from your point of view I cannot see that would be possible. The agents actions bind the landlord and therefore you can effectively regards ***** ***** as if they are the landlord as their actions are legally directly on behalf of the landlord. However, you should not be unduly concerned in regards ***** ***** landlord in this respect because if the landlord can demonstrate that the issues you have experienced the results of the agents negligence, then the landlord could seek a complaint or claim against the agent for any damages he ultimately has to pay to you as tenants so if he is not at fault, then he need not be out of pocket
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it is a common misunderstanding among lettings agents, indeed so common that I suspect in at least some cases, it may be a deliberate misunderstanding as it suits them that there is no requirement to give notice to end the tenancy in order for the tenant to leave on or before the end date given in the fixed term. Agents will often point a tenant to a provision in the tenancy agreement that states you must give two months notice to end the tenancy but this ignores the point that the tenancy expires on the last day of the fixed term and providing the tenant has moved out on or before that date, the tenancy ends automatically without any need to give a written notice.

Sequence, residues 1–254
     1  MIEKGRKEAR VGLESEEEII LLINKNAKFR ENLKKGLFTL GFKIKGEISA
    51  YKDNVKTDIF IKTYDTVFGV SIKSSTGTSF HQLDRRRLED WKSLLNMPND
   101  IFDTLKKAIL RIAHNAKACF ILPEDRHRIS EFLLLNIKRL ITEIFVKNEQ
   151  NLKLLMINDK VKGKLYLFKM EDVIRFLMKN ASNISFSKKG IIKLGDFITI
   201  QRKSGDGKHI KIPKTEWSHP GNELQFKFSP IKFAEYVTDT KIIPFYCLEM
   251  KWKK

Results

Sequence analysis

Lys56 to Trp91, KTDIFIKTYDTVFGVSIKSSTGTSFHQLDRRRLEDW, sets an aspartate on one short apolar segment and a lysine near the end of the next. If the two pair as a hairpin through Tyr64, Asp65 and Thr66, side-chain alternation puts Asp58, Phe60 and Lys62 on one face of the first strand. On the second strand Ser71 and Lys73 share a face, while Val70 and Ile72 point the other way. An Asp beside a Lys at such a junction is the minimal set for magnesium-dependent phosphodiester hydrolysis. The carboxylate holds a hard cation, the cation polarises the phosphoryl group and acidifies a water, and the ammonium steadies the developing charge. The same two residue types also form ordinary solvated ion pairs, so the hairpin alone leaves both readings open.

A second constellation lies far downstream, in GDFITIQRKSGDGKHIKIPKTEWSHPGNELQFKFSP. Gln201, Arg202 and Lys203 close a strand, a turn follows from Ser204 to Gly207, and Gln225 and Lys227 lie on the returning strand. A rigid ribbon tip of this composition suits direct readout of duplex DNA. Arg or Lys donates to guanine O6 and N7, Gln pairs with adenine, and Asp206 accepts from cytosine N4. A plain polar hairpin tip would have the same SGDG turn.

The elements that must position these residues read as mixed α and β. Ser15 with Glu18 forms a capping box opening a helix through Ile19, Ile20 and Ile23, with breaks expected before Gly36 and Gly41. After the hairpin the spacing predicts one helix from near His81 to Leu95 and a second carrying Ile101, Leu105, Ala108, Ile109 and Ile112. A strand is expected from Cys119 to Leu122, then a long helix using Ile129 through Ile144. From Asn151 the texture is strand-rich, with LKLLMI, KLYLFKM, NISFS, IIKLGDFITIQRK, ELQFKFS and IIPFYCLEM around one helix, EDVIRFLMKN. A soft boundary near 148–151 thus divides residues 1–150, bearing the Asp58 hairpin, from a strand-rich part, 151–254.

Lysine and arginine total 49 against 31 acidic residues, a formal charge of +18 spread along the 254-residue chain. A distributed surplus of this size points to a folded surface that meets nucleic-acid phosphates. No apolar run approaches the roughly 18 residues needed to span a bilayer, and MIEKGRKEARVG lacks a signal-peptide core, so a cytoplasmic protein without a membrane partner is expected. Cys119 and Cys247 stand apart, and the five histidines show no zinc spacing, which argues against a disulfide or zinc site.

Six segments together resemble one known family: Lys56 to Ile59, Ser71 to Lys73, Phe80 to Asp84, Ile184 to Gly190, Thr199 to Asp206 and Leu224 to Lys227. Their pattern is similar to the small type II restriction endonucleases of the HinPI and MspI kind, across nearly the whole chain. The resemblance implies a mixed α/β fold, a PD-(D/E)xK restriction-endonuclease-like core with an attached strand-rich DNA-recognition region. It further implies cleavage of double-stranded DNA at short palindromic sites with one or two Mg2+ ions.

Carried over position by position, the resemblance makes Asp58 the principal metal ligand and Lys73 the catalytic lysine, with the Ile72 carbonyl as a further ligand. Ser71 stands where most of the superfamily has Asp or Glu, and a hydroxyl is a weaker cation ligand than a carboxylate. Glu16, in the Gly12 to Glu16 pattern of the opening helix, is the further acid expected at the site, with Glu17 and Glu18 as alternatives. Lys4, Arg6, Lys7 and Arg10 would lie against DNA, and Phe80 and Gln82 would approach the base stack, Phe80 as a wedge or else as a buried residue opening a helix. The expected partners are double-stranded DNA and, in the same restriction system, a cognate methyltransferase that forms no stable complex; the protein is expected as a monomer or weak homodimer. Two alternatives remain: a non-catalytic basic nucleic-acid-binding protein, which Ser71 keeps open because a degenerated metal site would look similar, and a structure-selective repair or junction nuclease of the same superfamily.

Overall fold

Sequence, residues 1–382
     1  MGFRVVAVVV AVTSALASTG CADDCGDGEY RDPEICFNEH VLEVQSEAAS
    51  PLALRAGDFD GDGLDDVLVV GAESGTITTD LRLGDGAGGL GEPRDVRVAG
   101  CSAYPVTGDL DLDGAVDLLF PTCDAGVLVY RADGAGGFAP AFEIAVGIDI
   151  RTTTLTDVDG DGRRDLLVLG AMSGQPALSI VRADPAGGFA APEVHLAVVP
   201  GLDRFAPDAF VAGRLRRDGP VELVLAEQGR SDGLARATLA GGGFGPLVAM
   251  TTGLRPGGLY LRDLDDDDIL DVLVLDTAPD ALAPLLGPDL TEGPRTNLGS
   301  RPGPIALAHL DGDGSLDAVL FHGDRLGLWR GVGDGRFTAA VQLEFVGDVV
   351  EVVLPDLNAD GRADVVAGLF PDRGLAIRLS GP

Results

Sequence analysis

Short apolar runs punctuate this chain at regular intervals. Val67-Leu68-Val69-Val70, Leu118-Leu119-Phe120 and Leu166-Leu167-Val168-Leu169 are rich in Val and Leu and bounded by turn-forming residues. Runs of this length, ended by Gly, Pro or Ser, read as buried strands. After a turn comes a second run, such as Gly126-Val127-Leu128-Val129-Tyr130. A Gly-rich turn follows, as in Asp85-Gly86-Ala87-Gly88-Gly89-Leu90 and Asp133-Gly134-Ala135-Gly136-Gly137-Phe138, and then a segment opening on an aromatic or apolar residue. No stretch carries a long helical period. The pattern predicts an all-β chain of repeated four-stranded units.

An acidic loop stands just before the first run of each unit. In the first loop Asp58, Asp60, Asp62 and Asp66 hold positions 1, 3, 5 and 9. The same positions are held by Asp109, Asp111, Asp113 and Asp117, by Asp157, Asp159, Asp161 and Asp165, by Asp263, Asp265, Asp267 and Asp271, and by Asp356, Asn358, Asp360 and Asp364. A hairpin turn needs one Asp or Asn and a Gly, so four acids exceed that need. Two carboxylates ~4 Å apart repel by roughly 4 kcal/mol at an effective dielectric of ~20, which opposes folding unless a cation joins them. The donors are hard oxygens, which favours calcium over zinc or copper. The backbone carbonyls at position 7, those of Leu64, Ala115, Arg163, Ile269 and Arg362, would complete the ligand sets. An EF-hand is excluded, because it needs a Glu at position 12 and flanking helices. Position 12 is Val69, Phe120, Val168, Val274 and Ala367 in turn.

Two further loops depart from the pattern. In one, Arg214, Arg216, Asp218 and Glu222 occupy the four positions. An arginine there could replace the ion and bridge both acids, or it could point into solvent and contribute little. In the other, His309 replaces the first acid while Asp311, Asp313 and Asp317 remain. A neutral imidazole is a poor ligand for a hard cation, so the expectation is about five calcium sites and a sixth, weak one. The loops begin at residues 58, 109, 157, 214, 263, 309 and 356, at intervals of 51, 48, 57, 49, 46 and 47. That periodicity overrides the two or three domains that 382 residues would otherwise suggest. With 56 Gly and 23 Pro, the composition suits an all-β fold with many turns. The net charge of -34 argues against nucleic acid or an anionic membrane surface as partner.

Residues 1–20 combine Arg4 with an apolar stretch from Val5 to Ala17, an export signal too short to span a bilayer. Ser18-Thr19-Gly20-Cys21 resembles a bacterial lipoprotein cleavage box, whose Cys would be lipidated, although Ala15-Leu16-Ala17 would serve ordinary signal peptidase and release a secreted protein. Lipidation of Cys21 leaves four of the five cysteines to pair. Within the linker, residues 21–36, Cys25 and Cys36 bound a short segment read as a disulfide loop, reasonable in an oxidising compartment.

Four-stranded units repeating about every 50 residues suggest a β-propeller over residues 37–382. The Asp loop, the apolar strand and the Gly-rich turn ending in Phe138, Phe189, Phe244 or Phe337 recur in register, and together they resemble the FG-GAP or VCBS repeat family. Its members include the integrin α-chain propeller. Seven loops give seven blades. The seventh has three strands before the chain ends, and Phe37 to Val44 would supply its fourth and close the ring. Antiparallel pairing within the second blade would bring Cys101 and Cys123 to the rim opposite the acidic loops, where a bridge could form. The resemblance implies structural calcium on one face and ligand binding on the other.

The position is different if the tenant remains in occupation after the last day of the tenancy because if that happens, the housing act intervenes and creates what is known as a statutory periodic tenancy which runs month to month. To end a statutory periodic tenancy, the tenant must give one months written notice and the notice can only come to an end on the day before rent is payable because a statutory periodic tenancy cannot end partway through a rent.
Accordingly, if you wish to leave on or before the last day of the tenancy, you can submit do so without notice but if you wish to leave after the end of the fixed term, you will need to ensure that you serve a written notice and give at least one clear months notice which must only end the day before rent is payable